Comme à son habitude, Houellebecq aborde des sujets polémiques en critiquant ouvertement certains de ses contemporains ou en effleurant des sujets tabous pour son époque tels que la pédophilie ou l'inceste, rapidement évoqués. La principale nouveauté de ce roman est le thème des sectes. Il s'inspire des Raëliens pour imaginer les Élohimites, dont il donne une image plutôt positive. Toutefois, fortement affecté par le procès qui lui avait été intenté en 2002 suite à certaines déclarations sur l'islam, il semble, comme son personnage principal qui a bâti sa réputation de comique sur des sketches sulfuriques, vouloir éviter d'aller trop loin dans la provocation. --http://fr.wikipedia.org/wiki/La_Possibilit%C3%A9_d%27une_%C3%AEle [Sept 2005]

See also: Michel Houellebecq

2005, Sep 30; 09:52 ::: Nude photography

People: Alva Bernadine - Gilles Berquet - Guy Bourdin - Steve Diet Goedde - Nan Goldin - David Hamilton - Irina Ionesco - Richard Kern - Doris Kloster - Eric Kroll - David LaChapelle - Sally Mann - Robert Mapplethorpe - Steven Meisel - Carlo Mollino - Helmut Newton - Bettina Rheims - Paolo Roversi - Thomas Ruff - Jan Saudek - Jeanloup Sieff - Romain Slocombe - Roy Stuart - Jock Sturges - Ellen Von Unwerth - Trevor Watson

See also: nude - photography - erotic photography

2005, Sep 29; 22:32 ::: Lady Audley's Secret (1862) - Mary Elizabeth Braddon

Lady Audley's Secret (1862) - Mary Elizabeth Braddon [Amazon.com] [FR] [DE] [UK]

Lady Audley's Secret is a novel by Mary Elizabeth Braddon, written in 1862.

Lady Lucy Audley is a beautiful, doll-like blonde, who in the absence of her first husband George Talboys had been forced by poverty to desert her child and take on a new identity before marrying Lord Audley. When her first husband returns she apparently kills him by accident in a row. Lord Audley's nephew Robert, a barrister, happens to be a good friend of the old husband and decides to find out what happened to him. He does not know about his aunt's past, however, and thus does not connect her to the disappearance of his friend... at first.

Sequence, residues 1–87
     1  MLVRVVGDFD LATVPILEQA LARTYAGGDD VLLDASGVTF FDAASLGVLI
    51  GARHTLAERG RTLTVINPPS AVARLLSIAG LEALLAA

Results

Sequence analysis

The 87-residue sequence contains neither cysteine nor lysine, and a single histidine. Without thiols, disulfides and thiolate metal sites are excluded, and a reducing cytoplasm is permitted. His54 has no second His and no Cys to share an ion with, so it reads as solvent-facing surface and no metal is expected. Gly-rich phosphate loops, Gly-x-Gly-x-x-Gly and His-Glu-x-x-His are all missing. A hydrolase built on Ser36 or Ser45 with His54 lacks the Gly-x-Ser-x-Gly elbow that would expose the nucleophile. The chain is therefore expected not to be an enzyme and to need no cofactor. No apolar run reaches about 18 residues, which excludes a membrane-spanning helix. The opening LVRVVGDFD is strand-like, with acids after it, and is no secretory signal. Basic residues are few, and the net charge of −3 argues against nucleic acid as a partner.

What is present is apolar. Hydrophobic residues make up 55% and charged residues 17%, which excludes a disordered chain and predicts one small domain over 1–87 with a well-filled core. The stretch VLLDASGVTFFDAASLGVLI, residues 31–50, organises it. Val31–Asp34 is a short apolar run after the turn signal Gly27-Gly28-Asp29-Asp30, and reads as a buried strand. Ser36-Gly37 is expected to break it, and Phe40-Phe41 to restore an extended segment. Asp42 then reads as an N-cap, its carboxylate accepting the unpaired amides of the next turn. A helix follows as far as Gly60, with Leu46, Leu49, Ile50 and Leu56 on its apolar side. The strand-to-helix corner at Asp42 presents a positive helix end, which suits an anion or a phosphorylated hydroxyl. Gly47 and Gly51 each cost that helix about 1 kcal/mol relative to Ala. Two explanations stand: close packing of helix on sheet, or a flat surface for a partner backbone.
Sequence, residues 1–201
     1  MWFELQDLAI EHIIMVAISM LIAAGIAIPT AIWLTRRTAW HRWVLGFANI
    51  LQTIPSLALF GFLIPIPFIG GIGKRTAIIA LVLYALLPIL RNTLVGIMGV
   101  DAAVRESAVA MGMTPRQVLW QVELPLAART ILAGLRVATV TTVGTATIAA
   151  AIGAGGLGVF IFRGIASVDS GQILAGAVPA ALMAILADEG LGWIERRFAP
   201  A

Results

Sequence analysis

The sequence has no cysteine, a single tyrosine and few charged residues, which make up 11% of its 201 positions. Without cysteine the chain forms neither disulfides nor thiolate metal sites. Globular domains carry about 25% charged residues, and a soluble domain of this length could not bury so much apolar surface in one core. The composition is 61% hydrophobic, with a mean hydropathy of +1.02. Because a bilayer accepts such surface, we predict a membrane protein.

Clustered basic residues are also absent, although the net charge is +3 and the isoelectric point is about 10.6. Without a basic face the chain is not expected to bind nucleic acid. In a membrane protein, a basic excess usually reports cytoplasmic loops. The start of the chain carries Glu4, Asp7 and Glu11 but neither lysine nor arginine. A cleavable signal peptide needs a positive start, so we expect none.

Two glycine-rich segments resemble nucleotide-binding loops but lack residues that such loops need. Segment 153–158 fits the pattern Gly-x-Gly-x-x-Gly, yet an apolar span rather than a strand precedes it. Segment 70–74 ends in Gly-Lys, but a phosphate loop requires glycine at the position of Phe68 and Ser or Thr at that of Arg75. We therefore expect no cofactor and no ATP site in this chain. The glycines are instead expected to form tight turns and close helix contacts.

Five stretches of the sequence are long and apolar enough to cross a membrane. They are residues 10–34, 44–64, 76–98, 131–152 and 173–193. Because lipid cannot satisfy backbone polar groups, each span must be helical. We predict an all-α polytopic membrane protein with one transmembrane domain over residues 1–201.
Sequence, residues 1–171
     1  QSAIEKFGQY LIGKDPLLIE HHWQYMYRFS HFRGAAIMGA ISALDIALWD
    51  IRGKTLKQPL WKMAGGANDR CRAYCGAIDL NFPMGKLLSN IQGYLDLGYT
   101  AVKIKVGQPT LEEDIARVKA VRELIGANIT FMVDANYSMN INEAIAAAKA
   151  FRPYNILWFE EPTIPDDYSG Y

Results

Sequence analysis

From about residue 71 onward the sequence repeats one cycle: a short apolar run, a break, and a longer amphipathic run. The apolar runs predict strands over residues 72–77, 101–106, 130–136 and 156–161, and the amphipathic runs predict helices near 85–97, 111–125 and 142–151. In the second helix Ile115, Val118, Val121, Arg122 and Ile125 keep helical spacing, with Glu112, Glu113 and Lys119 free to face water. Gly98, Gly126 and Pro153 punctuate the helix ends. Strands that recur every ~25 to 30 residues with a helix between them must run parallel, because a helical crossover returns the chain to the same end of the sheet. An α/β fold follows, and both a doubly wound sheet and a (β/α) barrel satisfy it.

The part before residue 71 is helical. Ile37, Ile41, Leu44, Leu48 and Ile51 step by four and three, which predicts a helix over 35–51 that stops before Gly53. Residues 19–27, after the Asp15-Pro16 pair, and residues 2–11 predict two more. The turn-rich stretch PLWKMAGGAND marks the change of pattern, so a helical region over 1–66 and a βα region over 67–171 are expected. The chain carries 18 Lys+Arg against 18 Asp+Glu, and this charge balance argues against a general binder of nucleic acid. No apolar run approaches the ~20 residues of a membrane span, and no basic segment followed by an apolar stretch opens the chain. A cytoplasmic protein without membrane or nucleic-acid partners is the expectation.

Though the novel's content (crime, mostly bigamy and attempted murder) was considered fairly immoral at the time of publication, it was extremely successful. It has been in print ever since in the United Kingdom. --http://en.wikipedia.org/wiki/Lady Audley's Secret [Sept 2005]

See also: 1862 - sensation - novel - UK

2005, Sep 29; 22:25 ::: East Lynne (1861) - Ellen Wood

East Lynne (1861) - Ellen Wood [Amazon.com] [FR] [DE] [UK]

Lyn Pykett, University of Wales-Aberystwyth
"... a splendid edition. Its introduction is an authoritative and up to date guide to the novel and its context."--This text refers to the Paperback edition.

East Lynne is a novel of 1861 by Mrs. Henry Wood, sometimes performed as a drama. It is remembered chiefly for its ludicrous plot and for the much-quoted line: "Gone! And never called me mother!" --http://en.wikipedia.org/wiki/East_Lynne [Sept 2005]

See also: 1861 - sensation - novel - UK

2005, Sep 29; 21:31 ::: The Woman in White (1860) - Wilkie Collins

The Woman in White (1860) - Wilkie Collins [Amazon.com] [FR] [DE] [UK]
Cover illustration: Symphony in White, No. 1: The White Girl (1862).